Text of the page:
Giving Your IRA to Loved Ones? Think Carefully
While IRAs are excellent vehicles for accumulating assets for your use during retirement, much to many people’s surprise, they are a far less attractive way to pass an inheritance to loved ones. Here’s why.
The Tax Consequences of IRAs
When you name anyone other than your spouse as beneficiary of your IRA, it will be exposed to heavy taxation, leaving less for your heirs than you had hoped. Upon your death, the income tax bill can take as much as 39.6 percent, and that percentage can be even higher if your estate is subject to estate taxes.
A Charitable Solution
If you’ve thought about contributing to Mayo Clinic, consider giving IRA assets to us and giving other assets that are not as heavily taxed to family members. As a nonprofit organization, we are tax-exempt, so we can use 100 percent of your IRA contribution. To get this process started:
- Decide what percentage (1–100) you would like us to receive.
- Contact your IRA administrator for a change-of-beneficiary form.
- Name Mayo Clinic and the gift percentage on the form.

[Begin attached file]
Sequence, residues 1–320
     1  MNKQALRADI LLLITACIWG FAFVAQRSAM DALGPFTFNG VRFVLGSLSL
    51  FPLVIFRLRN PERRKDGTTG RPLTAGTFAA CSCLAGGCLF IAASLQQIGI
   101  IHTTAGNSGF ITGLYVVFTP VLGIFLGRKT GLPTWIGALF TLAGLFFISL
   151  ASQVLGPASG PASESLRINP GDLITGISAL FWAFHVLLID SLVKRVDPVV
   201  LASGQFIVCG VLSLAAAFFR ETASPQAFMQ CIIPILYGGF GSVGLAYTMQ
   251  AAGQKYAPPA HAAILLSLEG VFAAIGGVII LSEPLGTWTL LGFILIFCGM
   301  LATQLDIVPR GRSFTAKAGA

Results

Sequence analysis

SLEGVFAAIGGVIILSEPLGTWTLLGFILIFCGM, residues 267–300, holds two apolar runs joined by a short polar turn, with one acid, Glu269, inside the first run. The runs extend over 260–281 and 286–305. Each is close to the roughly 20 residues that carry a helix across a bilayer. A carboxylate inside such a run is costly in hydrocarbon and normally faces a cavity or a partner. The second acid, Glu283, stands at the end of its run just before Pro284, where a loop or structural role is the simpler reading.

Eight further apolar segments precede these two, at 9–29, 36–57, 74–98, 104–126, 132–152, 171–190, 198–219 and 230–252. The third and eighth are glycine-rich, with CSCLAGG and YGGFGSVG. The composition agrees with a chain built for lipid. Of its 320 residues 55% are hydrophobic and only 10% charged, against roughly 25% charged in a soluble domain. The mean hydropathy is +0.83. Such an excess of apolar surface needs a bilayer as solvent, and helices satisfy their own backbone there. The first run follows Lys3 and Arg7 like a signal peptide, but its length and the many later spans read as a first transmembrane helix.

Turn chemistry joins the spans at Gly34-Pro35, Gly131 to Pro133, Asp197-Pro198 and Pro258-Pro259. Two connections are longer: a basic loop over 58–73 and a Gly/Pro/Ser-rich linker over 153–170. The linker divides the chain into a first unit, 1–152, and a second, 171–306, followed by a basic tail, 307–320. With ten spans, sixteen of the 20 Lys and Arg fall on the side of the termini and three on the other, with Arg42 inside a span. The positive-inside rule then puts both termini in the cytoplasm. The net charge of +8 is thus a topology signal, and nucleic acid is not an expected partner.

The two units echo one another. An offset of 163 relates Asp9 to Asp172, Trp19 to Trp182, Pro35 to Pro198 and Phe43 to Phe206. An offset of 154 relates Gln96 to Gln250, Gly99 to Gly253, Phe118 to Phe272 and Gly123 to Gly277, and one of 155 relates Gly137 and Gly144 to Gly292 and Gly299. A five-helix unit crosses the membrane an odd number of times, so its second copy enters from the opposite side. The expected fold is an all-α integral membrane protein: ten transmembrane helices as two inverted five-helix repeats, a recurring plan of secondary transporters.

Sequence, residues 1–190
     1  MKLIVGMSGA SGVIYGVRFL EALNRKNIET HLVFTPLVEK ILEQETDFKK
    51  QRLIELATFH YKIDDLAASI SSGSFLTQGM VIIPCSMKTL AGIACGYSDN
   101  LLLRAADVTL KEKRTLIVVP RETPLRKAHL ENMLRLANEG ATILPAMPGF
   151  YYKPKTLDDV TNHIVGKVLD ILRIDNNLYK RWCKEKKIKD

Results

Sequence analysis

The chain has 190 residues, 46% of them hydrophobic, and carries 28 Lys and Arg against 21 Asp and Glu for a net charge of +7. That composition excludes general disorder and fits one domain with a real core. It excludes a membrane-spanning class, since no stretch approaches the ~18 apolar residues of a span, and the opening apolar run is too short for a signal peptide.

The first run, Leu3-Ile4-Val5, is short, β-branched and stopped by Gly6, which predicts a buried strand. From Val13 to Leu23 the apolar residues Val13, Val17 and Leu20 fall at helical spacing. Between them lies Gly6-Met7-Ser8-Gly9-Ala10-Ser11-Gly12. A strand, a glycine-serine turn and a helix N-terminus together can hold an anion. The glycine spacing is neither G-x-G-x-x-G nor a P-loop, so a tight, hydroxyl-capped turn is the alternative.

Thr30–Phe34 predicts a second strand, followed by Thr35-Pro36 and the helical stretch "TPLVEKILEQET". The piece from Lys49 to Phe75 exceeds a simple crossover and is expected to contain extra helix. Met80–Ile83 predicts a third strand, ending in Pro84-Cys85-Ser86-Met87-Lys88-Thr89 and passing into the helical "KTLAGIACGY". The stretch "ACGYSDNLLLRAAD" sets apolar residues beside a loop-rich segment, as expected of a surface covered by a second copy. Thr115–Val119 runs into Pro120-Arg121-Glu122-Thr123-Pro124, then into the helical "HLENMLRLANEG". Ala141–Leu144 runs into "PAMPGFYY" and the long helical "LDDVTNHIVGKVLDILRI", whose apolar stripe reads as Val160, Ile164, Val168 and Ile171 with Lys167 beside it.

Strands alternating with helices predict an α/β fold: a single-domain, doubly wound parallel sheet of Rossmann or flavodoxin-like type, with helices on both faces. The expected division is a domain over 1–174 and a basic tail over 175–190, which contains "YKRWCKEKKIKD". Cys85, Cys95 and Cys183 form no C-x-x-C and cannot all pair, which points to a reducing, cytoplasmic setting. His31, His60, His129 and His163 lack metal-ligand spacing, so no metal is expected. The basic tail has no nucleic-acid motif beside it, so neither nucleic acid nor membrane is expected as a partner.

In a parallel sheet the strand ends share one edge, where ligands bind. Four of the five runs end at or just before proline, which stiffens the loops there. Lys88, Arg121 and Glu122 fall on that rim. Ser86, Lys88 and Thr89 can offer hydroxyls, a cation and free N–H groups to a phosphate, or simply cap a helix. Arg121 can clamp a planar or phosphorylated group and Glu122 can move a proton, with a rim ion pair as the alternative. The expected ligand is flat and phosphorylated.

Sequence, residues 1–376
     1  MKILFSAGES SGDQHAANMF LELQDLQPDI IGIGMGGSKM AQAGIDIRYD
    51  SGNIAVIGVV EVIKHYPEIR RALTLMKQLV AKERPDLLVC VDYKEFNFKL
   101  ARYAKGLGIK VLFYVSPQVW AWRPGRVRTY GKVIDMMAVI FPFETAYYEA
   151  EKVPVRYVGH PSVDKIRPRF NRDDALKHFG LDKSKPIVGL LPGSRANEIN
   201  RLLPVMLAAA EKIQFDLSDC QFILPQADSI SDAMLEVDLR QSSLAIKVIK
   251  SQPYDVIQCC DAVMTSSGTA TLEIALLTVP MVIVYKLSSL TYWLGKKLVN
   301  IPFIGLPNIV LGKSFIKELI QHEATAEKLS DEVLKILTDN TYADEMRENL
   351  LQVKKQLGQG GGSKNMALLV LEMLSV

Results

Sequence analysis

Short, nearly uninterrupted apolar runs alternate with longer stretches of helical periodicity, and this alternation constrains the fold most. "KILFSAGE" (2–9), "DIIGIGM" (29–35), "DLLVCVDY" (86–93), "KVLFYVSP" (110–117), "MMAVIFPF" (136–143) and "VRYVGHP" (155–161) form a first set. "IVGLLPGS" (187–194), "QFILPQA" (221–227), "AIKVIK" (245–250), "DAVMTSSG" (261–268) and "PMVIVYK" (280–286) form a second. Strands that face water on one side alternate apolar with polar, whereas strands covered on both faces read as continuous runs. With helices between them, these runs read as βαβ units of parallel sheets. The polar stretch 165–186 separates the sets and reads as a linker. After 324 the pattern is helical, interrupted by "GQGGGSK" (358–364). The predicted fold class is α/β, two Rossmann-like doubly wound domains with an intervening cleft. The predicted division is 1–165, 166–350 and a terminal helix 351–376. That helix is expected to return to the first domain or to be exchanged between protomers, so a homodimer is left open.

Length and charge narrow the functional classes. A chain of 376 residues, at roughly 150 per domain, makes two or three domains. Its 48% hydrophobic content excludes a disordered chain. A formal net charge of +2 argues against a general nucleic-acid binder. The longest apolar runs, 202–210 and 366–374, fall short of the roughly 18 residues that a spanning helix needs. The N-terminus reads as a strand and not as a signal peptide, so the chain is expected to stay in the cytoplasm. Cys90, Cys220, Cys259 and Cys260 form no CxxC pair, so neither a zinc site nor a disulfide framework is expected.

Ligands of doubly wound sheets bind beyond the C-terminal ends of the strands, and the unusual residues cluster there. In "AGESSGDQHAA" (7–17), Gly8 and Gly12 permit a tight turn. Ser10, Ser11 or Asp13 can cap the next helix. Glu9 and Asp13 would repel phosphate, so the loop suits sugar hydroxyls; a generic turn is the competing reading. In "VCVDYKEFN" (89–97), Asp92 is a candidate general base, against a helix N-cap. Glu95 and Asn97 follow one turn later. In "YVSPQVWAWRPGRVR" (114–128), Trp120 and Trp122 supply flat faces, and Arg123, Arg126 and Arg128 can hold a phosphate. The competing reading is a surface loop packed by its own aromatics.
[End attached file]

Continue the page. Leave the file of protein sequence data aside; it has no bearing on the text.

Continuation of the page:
- Return the form to your IRA administrator.
- Let us know about your plans so we can thank you. (We will also honor your preference for anonymity).
If you have any questions about providing support to Mayo Clinic through your IRA, please contact Mayo Clinic Office of Gift Planning at 1-800-297-1185 or firstname.lastname@example.org.
The information on this website is not intended as legal or tax advice. For such advice, please consult an attorney or tax advisor. Figures cited in examples are for hypothetical purposes only and are subject to change. References to estate and income taxes include federal taxes only. State income/estate taxes or state law may impact your results. Mayo Clinic policies may impact gift acceptance, gift structure, and options available.